There was no really good channel strategy in those days - the goalposts moved quite a lot.'
After a number of internal job changes, including running the Shell Exploration account and the Aberdeen office, Pryor-Jones was called south. 'I was relocated to Warrington - it was a bolt out of the blue, with just 48 hours notice.
'It was a stressful move and a hectic first birthday for my little boy.
I managed workstation sales for northern UK. This space was particularly aggressive - Sun Microsystems had entered the market and we were fighting tooth and nail. I eventually moved to Reading to run the UK channel for Digital across all products for about a year, and then the worldwide reorganisation happened with the creation of separate business units. Digital Networks Business unit was created and I was appointed general manager for the UK.'
However, his new role at Digital was never going to be an easy one. The company was going through huge changes and was in financial trouble. After two years of running the unit, Digital decided to sell its networking business to Cabletron and Pryor-Jones figured it was time to leave the manufacturer he had grown up in for the past 13 years.
'I knew Azlan before I arrived as it had been a distribution partner for Digital. I knew the people and moving outside of the vendor arena seemed the right thing to do. I'd been with Digital for a long time, so I'd done pretty much all I could have done there without having to move out of the UK. There weren't many opportunities around in those days because Digital was going through a lot of turmoil and change,' he says.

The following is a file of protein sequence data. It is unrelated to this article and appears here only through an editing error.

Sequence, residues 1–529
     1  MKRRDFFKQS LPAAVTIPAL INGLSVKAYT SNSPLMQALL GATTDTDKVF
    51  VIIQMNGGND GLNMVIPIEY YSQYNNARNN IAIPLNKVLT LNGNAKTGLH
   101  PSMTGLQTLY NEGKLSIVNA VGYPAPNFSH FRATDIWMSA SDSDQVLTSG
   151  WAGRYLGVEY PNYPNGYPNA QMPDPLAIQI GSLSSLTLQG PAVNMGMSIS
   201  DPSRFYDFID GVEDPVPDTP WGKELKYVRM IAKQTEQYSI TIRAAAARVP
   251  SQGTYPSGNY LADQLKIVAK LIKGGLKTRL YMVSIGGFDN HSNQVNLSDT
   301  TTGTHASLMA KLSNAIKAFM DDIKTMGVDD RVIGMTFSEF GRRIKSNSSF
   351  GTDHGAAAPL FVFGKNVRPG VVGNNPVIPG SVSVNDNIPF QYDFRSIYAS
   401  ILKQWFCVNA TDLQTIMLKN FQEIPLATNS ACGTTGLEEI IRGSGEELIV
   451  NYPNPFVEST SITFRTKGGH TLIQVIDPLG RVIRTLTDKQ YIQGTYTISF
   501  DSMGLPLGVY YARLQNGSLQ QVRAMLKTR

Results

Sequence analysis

Pryor-Jones is now sitting at the helm of a rejuvenated Azlan, a distributor that could so easily have disappeared following shock financial losses at the end of the 1997 financial year, prompting a run-in with the Serious Fraud Office (SFO) last year. The investigation was dropped in January due to insufficient evidence, and the company is still trying to find a way back to the days when it was turning over more than double its current revenue.
The trouble started when Azlan's shares were suspended in June 1997 following rumours that its forecast revenue of £15 million for the end of that year was inaccurate. As it turned out, the predicted profit turned out to be a massive £14 million loss - the company's woes were just beginning.
Later in 1998, the SFO became involved and Azlan found itself at the centre of growing speculation about what exactly had happened and about the company's future. Timing is everything in moving jobs and Pryor-Jones couldn't have picked a worse time.
'I joined as sales director in January 1997. This was just over four months before the shares were suspended in June, before the results were out. Rumours had begun to circulate in the market and the shares started to go into free-fall. A decision was taken by Azlan's then board to suspend the shares. The accounts didn't actually come in for some time after that.
'The reaction within the company was one of complete shock and surprise. There was no appreciation before this of the problems involved.
In fact, until the shares were suspended there was no view that anything was actually wrong. It was the first time that most managers - those at country-level - knew there was problem. It wasn't actually until after the numbers were released that many of the managers saw the significance of how disappointing the numbers actually were.'
Asked about the atmosphere in the distributor, Pryor-Jones recalls: 'People went through a number of emotions. They were worried about having to talk to the police, which for most people is a scary prospect, and in an environment where all the talk was about fraud. This was a serious investigation - not quite the same as a ticket for speeding. People wanted to know what the process would be. Would the SFO be in for a few days or a few years?'